Join the Party: the USA’s National Parks Service Turns 100!
Japanese have long known about the benefits of nature, to our health and overall well-being. In fact, they have a word Shinrinyoku (forest bathing) to refer to getting back to nature, or more closely going deep into the woods where everything is silent and peaceful. Reconnecting with nature can lead to decreased stress, natural mood elevation and even a stronger immune system.
Yet, according to National Geographic, visits to parks are down. In fact, so are visits to the backyard. One survey found only 10 percent of American teens spend time outside every day. And, according to research by the Harvard School of Public Health, American adults spend less time outdoors than they do inside vehicles—less than 5 percent of their day.
Researchers at Chiba University discovered a 15-minute walk in the woods causes measurable changes in physiology: comparing forest bathers to city walkers, they sent 84 subjects to stroll in seven different forests, while the same number of volunteers walked around city centers. The forest walkers hit a relaxation jackpot: overall they showed a 16 percent decrease in the stress hormone cortisol, a 2 percent drop in blood pressure, and a 4 percent drop in heart rate.
If you plan to be in the US this summer why not do your health a favor, and take part in the USA’s National Parks Service (NPS) 100th birthday and find a national park for some deep forest bathing? Founded in August 1916, the NPS has grown to include 59 parks (and counting) that cater to hikers, climbers, skiers and more and this month there are concerts, events and even free entry. Here are our favourite five:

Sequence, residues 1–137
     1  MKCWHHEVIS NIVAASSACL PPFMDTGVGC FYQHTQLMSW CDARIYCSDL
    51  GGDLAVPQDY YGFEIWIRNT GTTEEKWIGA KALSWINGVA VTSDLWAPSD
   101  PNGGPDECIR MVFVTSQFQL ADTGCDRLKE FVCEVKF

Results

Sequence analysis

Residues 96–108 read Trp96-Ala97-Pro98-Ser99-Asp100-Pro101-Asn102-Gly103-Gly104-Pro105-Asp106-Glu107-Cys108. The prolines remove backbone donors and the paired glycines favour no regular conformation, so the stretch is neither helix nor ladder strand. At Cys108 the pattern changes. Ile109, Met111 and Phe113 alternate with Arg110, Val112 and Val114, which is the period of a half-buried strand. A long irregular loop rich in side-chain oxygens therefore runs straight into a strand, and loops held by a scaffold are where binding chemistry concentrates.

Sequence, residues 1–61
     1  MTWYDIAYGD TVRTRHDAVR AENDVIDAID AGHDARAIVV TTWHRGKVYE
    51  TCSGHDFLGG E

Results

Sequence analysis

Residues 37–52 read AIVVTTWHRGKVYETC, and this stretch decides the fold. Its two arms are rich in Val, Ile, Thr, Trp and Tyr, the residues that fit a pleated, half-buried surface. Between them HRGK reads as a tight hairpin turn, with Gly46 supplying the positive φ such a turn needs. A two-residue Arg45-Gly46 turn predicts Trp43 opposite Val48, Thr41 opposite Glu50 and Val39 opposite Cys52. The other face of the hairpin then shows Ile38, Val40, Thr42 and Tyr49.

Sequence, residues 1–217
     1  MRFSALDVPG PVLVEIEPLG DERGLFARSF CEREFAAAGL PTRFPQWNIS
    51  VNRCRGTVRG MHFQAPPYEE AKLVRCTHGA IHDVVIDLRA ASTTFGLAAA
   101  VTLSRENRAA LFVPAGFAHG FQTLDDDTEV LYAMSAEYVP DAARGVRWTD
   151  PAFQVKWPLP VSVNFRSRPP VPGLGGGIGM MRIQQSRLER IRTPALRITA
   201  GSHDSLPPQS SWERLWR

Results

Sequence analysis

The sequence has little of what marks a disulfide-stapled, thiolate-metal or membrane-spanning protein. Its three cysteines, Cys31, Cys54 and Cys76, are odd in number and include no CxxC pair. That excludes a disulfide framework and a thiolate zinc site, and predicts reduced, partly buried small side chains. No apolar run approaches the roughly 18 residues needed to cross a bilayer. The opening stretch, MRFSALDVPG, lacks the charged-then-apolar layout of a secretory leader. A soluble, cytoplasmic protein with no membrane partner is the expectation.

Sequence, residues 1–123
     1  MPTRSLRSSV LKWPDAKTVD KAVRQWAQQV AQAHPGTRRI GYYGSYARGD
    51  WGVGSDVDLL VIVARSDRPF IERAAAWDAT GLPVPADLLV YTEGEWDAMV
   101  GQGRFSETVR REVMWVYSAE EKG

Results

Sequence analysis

Wrangell St. Elias, Alaska
Bigger than Yellowstone, Yosemite and Switzerland combined, this little known park has North America’s highest concentration of glaciers and encompasses nine of the 16 tallest mountains in the U.S. (including an active volcano).
Singer-songwriter John Dever immortalized Shenandoah in his 1971 song Take me Home, Country Roads. With over 500 miles of trails, Shenandoah is hiker-central. Located just 2 hours from Washington/Baltimore, the 200,000 acre park has cascading waterfalls, spectacular vistas and quiet wooded hollows.
Olympic National Park, Washington
On Washington’s Olympic Peninsula in the Pacific Northwest this park has no roads, allowing for pure silence. Renowned for its three distinct ecosystems: temperate rain forest, subalpine forest and wildflower meadow, it is surrounded by the rugged Pacific shore.
From towering sequoia trees, granite cliffs, lakes and tranquil backcountry, Yosemite has something for everyone. This UNESCO World Heritage Site is nestled in California’s Sierra Nevada Mountains and contains many marvels, including Ribbon Falls, which is nine times larger than Niagra Falls and El Capitan, the largest granite block in the world.
Glacier National Park, Montana
Located in Montana’s Rocky Mountains, Glacier National Park offers glacier-carved peaks and valleys all the way to the Canadian border. With more than 700 miles of hiking trails, hikers, cyclists and campers often share their journey with wildlife ranging from mountain goats to grizzly bears.